Student Query: Info on The Ho Chi Minh Trail

Mélanie Cabo, a French student at The University of Montpellier studying military history, is writing a paper on The Ho Chi Minh Trail. She would like to hear from Vietnam veterans who would be willing to share documents, photographs, letters, movies, official documents, or oral history interviews dealing with the Trail.

If you’d like to help, email

Or write to 9 rue Ciste Fresch, 34980 Combaillaux, FRANCE

If you do, please mention that your learned of her work on The VVA Veteran’s Arts of War on the web page.



Posted on February 18th 2014 in Artistic Queries, History, In the Classroom

‘Bravo’ Screening Feb. 13 in Arizona

The excellent Vietnam War documentary, Bravo! Common Men, Uncommon Valor, will be shown tonight, Thursday, February 13, in filmmaker Ken Rodgers’s home town of Casa Grande, Arizona, at the historic Paramount Theatre at 7:00 PM.

Proceeds from the screening of Bravo! will help fund the Pinal County Veterans Memorial.

Produced and directed by Rogers, a U.S. Marine Corps Khe Sanh veteran, and his wife Betty Rodgers, the doc—which we screened at VVA’s 2012 Leadership Conference in Texas—looks at the siege through the eyes of fifteen men who served at Khe Sanh with Bravo Company, 1st Battalion, 26th Marines and survived to tell their tales.

“This is a grunt film that looks at history from over the lip of the trench,” Steven Hunter wrote in his review  in The VVA Veteran. ”It’s a privilege and an honor to come across a work as disciplined and rigorous as Ken and Betty Rodgers’s Bravo!”

For more info, go to or or

For info on the Bravo! DVD, go to 


Posted on February 13th 2014 in Documentaries, On DVD

Harry Bosch Comes to the (Computer) Screen

In 1992, former Los Angeles Times police reporter Michael Connelly (above, right) published The Black Echo, a taut, compulsively readable detective thriller about a quirky L.A. homicide detective named Harry Bosch. A former Vietnam War tunnel rat, Bosch was emotionally troubled by his war experiences. As brooding as he was, though, Bosch was a determined, smart detective who did rest until he solved a heinous murder.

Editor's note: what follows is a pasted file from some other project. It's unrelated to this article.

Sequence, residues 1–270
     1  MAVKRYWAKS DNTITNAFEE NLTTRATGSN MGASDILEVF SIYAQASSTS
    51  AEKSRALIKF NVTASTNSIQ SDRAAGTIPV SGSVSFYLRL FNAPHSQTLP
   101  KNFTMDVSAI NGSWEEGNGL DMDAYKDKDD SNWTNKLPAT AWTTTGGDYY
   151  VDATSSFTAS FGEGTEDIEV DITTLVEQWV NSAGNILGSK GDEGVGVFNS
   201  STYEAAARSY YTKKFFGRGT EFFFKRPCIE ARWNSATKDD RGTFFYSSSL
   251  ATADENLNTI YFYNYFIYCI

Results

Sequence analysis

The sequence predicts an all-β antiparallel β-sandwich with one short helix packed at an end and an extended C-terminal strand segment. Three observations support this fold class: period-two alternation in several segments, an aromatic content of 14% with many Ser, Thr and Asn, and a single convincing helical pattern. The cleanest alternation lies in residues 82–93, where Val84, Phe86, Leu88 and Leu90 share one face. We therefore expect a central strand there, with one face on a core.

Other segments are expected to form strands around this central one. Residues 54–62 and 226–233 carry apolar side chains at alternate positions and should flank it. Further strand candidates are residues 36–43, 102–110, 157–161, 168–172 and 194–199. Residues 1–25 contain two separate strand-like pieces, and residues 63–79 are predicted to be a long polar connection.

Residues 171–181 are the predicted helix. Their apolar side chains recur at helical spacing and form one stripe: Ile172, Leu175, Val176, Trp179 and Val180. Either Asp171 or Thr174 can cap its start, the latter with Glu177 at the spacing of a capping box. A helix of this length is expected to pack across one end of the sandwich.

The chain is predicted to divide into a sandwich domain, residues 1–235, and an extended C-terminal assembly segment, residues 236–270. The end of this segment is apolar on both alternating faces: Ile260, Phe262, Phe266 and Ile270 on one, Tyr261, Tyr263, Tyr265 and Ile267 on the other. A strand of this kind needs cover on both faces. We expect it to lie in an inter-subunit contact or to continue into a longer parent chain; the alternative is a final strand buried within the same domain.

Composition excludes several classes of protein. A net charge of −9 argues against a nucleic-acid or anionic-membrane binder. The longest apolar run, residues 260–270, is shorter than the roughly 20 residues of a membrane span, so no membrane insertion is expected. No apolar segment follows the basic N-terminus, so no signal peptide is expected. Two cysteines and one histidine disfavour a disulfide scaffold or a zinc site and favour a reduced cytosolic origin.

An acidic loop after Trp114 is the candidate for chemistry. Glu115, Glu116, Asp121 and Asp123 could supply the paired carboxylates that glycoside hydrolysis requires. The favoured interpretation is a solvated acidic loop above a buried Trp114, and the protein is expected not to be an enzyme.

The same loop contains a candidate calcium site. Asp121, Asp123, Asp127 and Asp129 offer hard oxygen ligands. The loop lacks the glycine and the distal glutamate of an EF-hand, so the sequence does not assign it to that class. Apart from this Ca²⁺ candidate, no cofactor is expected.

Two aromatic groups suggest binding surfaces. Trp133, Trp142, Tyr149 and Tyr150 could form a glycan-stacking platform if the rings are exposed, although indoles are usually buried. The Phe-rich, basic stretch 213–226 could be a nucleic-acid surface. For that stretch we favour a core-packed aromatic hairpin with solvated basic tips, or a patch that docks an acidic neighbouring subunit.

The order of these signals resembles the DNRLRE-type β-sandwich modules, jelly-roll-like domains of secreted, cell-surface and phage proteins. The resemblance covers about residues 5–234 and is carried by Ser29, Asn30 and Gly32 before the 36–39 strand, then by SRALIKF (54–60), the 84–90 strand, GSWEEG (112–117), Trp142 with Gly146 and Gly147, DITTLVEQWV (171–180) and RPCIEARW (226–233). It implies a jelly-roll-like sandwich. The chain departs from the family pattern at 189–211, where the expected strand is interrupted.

Since 1992,  Connelly has written a total of eighteen Harry Bosch detective procedurals, including the latest The Black Box, which came out in 2012. We have reviewed all eighteen in The VVA Veteran‘s Books in Review magazine column and on our Books in Review II web page. All of those reviews have been highly favorable, as have nearly all the other critics’s reactions to the Bosch detectives. The books also have become huge bestsellers, and it seemed all but certain there would be a movie (or movies) based on them.

Connelly, in fact, sold the rights to the Harry Bosch character to Paramount Pictures not long after The Black Echo (which contains plenty of references to Bosch’s Vietnam War experiences) came out. “Many efforts were made, and many screenplays were written, some by Oscar-winning writers,” Connelly told the L.A. Times recently.  ”But they ultimately never came to fruition. And Harry stayed on the shelf for two decades.”

Connelly gave up on theHollywoodsystem, got the rights to his character back, and has just co-written and co-executive produced  “Bosch,” a new drama pilot. It’s not on TV, though, or on cable, pay cable, Netflix, or pay-per-view on-line. To view “Bosch” you do so through Amazon Prime, where it has been streaming since February 6.

Watching the pilot, which stars  Titus Welliver  (above, left) in the title role, is a treat for Harry Bosch fans as our flawed hero and his LAPD world come to life remarkably vividly. The plot is an amalgam of Boschian adventures. The one-hour show begins with a flashback of Harry tracking down a criminal and killing him in a dark alley. Did he do it in self defense or out of pure hatred? He is exonerated by the LAPD, but faces a civil wrongful death lawsuit. Meanwhile, Bosch gets enmeshed in a perplexing murder case.

All of the elements of the novels shine through in this dark film. Welliver is angst-ridden and angry—and devoted to solving the murder case he’s working on. The other actors are quite good, including Troy Evans, a VVA member and recipient of the VVA Excellence in the Arts Award, who has a small role as a grumpy detective.

The directing is tight. The atmosphere of the movie feels like a Harry Bosch novel. Every scene was shot in Los Angeles, adding to the verisimilitude. A Harry Bosch fan couldn’t ask for more—except for more episodes, which will be forthcoming.

By the way, Harry’s service in the Vietnam War is not mentioned in the pilot; there’s a one hundred per cent chance it will be as the series continues.

—Marc Leepson

Posted on February 8th 2014 in Book News, TV Series